Sometime in mid to late 1977, Johnny Cook had returned to the Goodmans, as had Eddie Crook, upon Johnny Minick’s departure. After their return to the group, work began on this recording, which was probably their biggest musical endeavor to date, and it was a slight departure from the Goodman sound. While some songs did fit that mold, there is definitely some creative “out of the box” thinking here, which would really come into play more so on their next album; but for the first time, we hear some true orchestral arrangements behind the group on select songs. Also, the background singers return on several songs, which have been absent from the last 2-3 albums. The recording is produced by Rusty and Rick Goodman, with Marvin serving as Executive Producer. While some are part of the orchestra, there are 19 musicians credited here, including Eddie Crook, Rick Goodman, Steve Easter, Joe Maxwell (Ernie Maxwell’s son), Henry Strzelecki and John Hughey. Recorded at Electric Arts during November and December 1977, it’s a tremendous piece of work that won the Goodmans a Grammy Award for “Best Gospel Performance” for 1978, and it was their second Grammy Award. (Their first was in 1968 for “The Happy Gospel of the Happy Goodmans” album)
This is a unique recording in that there are actually 2 versions of this album out there. I am assuming that after Johnny left in 1978, they went back into the studio and replaced a couple of Johnny Cook features with Vestal. It’s only on 2 songs that his vocals were replaced, and I’ll point them out as we go along. Another unique feature is that iconic cover shot! As I mentioned earlier, the album was recorded in November/December of 1977, so I am assuming the picture may have been taken in January of the following year. Nothing is more refreshing than having a picnic out in the snow, and the cover shot was a wonderful advertisement for Tab soft-drinks and Kentucky Fried Chicken as well! Wonder if they got any royalties for that endorsement? Anyway…
The recording starts off with a wonderful duet by Vestal and Johnny called, “That Sounds Like Home to Me”. Written by Aaron Wilburn and Eddie Crook, it’s my personal favorite Aaron Wilburn tune. This is one of the songs that was changed on later pressings, and instead of it being a duet, it became a Vestal solo, with Vestal singing harmony with herself, as they went back and replaced all of Johnny’s vocals on the song with Vestal. Either version is stellar, as it’s a wonderful song and it was great to see Vestal revive the song on their 2000 release, “Set Your Sails”. The song was never a chart-topper, but it was a very popular song and it’s one of those songs that keeps popping up from time to time by various artists; which is a testament to its popularity and the tremendous message that is found in the song.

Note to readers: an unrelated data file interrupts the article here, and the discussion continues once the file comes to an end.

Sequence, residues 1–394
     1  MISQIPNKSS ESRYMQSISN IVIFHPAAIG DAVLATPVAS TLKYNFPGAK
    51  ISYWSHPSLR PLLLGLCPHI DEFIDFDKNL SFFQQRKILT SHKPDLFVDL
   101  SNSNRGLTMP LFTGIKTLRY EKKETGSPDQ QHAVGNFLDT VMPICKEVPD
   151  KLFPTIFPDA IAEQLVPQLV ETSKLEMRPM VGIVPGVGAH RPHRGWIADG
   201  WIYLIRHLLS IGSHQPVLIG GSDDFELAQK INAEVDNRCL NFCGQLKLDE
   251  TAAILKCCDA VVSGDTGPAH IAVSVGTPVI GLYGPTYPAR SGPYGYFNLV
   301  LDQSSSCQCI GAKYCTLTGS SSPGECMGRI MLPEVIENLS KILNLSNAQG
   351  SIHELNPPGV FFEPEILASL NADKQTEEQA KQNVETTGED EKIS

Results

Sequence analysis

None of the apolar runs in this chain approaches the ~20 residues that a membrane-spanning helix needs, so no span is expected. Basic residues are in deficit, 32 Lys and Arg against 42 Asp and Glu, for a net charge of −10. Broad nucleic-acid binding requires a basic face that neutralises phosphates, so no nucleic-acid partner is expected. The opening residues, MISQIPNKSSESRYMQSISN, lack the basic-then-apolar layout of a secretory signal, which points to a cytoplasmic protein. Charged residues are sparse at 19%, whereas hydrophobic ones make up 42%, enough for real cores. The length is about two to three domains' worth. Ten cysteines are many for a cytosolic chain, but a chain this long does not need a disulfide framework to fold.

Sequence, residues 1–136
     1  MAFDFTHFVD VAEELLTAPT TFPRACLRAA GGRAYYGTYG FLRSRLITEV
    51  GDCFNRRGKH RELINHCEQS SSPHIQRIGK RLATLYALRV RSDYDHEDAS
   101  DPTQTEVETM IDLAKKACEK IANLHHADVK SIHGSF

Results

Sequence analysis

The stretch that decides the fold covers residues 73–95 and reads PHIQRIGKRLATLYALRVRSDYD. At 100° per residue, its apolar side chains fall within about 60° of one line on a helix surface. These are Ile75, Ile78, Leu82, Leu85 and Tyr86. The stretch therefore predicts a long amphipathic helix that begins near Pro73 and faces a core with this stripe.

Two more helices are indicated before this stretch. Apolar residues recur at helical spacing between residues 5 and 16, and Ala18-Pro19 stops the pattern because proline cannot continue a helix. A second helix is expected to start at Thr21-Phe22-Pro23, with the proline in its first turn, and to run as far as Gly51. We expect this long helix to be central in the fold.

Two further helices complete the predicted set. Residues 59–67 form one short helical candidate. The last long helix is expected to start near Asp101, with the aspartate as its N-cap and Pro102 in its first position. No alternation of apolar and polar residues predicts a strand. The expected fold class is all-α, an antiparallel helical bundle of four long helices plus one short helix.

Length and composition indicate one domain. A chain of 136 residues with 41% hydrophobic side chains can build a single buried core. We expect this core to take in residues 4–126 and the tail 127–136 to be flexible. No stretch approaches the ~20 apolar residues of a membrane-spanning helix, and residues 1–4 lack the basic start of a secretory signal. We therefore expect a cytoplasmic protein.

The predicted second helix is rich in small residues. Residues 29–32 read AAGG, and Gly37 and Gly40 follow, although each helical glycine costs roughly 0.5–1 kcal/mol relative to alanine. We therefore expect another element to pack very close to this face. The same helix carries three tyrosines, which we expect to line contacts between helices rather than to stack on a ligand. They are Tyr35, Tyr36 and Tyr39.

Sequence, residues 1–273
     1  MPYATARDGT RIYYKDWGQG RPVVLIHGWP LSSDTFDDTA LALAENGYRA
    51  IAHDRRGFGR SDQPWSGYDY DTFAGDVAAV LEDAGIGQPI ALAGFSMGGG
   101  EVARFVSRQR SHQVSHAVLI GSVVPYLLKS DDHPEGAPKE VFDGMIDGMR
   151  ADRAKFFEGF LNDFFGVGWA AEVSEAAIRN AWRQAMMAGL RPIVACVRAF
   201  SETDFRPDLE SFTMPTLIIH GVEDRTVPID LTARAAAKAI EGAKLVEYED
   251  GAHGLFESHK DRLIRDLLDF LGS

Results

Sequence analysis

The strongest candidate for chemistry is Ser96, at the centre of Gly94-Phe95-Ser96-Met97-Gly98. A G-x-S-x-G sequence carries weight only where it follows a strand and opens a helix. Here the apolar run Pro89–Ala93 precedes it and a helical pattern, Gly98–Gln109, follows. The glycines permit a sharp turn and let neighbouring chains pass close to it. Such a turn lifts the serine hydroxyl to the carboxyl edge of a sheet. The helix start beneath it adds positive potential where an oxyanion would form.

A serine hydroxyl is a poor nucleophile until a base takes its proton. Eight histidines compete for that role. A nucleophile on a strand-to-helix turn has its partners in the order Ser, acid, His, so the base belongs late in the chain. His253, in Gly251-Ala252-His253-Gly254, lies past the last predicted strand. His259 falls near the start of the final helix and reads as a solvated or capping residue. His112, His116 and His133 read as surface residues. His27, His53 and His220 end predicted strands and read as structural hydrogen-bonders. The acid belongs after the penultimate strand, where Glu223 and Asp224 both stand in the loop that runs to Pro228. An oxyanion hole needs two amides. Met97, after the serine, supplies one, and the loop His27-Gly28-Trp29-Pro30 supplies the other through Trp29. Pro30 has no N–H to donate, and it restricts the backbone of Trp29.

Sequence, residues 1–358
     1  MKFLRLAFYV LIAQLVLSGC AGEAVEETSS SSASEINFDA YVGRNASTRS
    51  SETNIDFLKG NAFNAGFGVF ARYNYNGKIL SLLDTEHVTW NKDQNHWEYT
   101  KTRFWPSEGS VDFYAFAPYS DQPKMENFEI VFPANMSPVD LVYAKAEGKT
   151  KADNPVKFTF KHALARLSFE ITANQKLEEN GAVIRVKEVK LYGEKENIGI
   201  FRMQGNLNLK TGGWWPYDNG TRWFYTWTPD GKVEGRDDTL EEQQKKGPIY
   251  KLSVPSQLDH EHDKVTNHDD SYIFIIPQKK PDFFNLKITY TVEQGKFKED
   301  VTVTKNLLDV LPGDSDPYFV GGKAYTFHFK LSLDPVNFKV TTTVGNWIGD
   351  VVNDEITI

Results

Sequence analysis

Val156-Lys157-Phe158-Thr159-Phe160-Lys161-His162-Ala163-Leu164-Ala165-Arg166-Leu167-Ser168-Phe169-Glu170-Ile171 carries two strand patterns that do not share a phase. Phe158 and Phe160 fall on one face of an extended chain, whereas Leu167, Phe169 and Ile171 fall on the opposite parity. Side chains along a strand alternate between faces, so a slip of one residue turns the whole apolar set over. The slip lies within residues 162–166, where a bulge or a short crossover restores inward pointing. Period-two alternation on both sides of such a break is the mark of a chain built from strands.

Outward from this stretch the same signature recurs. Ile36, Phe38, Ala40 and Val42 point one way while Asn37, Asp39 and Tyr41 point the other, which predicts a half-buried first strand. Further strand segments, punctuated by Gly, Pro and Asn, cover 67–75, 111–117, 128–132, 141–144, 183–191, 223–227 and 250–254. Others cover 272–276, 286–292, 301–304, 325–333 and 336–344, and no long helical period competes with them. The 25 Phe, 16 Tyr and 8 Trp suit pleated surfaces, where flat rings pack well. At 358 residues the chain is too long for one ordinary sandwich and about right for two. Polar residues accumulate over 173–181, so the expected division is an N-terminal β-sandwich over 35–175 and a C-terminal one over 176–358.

With electric guitars blazing, the group tears into a ramped-up version of the quartet classic, “Let Out of Bondage”. Rusty does a phenomenal job spitting out the verses on this high-speed song. The music track is superb, featuring some really cool licks from the steel guitar and electric guitar. This is a little throwback to the mid-70s version of the Goodmans with Johnny, Howard, Sam and Rusty singing as the “Happy Goodman Male Quartet”, as Vestal does not appear to be singing on the song.
The tempo slows down as Johnny reverently sings, “The Lord’s Prayer”. While it’s not exactly Goodman fare, it fits well on this album. This is another song they went back and replaced Johnny’s vocals with Vestal, as future pressings have Vestal delivering the solo, and she obviously had to fall back on her early opera training to belt out some of those high notes in this song. Of course, I like Vestal’s version over Johnny’s, but both are truly spectacular pieces of work, and prove the Goodmans can sing traditional classical material as good as anyone else!